On examining the women in the area, Dr. Bang saw that many women suffered from sexually transmitted diseases, urinary tract infections, obstructed labor and infertility issues. Among these, the women considered infertility the most serious concern. Dr. Bang was curious about this because infertility is not a life-threatening issue, as opposed to the many other health problems that they faced. On questioning the women in the villages, she discovered that they were all victims of patriarchy. If a woman was unable to conceive, she would be thrashed by her husband and in-laws and looked down upon by society. This brought to light the conservative nature of society and the lack of understanding about male infertility.

The Beginning of SEARCH

Dr. Bang was very moved by the plight of the women in Gadchiroli and decided to find a solution to their problems. She and her husband Abhay are followers of the Gandhian principle of “evolutionary revolution” and took it upon themselves to create initiatives to transform the lives of the poor in India.

In 1986, the Bangs founded the Society for Education, Action and Research in Community Health (SEARCH). A survey conducted by SEARCH revealed that about 92 percent of women in Gadchiroli suffered from various gynecological problems, mainly STDs. Teenage pregnancies were on the rise, as the villagers lacked proper sex education. The survey also brought to light the increased occurrence of pneumonia in children, which was one of the major causes of child mortality.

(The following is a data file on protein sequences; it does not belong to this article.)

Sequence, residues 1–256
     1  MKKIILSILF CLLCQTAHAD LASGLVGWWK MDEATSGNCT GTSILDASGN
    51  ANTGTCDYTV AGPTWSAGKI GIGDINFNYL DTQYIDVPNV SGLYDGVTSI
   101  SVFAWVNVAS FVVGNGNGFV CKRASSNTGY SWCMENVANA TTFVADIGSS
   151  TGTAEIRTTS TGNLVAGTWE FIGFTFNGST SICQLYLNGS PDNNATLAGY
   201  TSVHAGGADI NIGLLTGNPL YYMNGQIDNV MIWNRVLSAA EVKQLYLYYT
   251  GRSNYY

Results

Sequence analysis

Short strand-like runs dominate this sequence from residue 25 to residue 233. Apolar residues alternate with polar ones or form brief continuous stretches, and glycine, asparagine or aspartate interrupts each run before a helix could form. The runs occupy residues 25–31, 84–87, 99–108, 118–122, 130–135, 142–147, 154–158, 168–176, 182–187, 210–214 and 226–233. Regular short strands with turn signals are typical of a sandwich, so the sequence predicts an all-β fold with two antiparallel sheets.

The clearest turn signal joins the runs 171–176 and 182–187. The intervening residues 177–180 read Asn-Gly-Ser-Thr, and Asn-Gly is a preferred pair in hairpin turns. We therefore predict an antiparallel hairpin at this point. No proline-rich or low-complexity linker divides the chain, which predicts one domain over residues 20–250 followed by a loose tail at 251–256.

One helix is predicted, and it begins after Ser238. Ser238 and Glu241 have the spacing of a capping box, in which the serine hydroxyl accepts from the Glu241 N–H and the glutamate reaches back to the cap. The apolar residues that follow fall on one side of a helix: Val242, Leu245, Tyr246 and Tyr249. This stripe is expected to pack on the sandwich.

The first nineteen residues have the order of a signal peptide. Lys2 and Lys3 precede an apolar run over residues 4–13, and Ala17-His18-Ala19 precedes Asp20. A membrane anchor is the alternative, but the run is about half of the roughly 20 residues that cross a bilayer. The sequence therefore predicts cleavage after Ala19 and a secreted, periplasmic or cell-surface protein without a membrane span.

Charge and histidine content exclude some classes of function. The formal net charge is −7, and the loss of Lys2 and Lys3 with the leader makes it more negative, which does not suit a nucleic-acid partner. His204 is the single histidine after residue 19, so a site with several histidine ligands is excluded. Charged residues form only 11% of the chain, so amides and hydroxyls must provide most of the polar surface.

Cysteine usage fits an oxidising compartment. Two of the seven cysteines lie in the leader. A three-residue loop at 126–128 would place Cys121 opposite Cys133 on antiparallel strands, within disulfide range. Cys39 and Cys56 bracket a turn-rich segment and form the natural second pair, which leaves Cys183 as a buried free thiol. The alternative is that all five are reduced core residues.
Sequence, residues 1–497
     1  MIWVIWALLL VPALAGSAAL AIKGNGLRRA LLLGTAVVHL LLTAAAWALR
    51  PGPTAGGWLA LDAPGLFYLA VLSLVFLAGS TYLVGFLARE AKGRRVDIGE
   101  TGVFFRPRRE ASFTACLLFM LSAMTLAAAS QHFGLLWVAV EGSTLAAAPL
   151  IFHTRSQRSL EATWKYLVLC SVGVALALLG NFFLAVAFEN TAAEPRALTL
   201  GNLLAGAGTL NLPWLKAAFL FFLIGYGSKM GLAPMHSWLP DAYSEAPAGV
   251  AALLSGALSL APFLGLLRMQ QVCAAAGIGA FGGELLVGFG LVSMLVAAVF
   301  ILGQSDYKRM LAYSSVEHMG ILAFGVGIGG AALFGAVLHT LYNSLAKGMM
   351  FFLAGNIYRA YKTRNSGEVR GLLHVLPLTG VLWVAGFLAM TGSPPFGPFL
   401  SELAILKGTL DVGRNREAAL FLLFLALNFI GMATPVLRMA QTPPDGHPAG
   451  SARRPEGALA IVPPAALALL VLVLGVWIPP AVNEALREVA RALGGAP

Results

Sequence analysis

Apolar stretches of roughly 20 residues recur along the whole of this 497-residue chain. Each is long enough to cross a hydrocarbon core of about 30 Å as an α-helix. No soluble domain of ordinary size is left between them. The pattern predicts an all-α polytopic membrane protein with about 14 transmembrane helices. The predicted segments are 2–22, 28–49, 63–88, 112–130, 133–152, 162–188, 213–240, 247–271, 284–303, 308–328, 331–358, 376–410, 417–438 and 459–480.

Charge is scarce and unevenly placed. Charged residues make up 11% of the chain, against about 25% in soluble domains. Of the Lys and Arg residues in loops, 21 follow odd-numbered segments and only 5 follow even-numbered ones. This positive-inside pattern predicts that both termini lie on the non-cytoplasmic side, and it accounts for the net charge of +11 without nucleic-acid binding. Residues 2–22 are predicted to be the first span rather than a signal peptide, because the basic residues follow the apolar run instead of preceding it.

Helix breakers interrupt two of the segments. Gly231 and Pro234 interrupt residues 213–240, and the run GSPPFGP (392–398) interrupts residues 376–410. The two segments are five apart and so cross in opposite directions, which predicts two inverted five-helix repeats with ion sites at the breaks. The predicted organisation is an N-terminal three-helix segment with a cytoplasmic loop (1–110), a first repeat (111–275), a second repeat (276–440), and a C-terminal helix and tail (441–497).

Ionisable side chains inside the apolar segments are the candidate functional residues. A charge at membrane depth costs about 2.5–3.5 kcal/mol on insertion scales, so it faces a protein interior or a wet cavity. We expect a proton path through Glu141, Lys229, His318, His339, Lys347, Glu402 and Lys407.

Dr. Bang also discovered that the problems that women faced went far beyond their immediate health concerns, as alcoholism was a major issue among the male members of the family, which affected the family’s wellbeing.

Reaching Out to the U.N. and Other Women’s Groups

Dr. Bang decided that the issues faced by women in Gadchiroli needed to be addressed on a bigger platform in order to find immediate and effective solutions. She presented the reports of the SEARCH survey to various organizations, including the U.N. At the meetings, she conveyed her opinion that the focus of health organizations should shift from maternal health to women’s health, as it was necessary to take into consideration the overall wellbeing of women rather than just their gynecological wellbeing. Her views received appreciation from many women’s groups, as prior to this, nobody had emphasized the importance of this shift.

Dr. Bang’s study was soon published, and she was invited to conferences and seminars to present her findings. In 1992, she had an opportunity to present her research studies at the World Health Assembly, where ministers from various countries learned about the importance of widening the scope of women’s health. These conferences and seminars enabled her findings to receive international recognition.

The Founding of Shodhgram to Help the Poor in India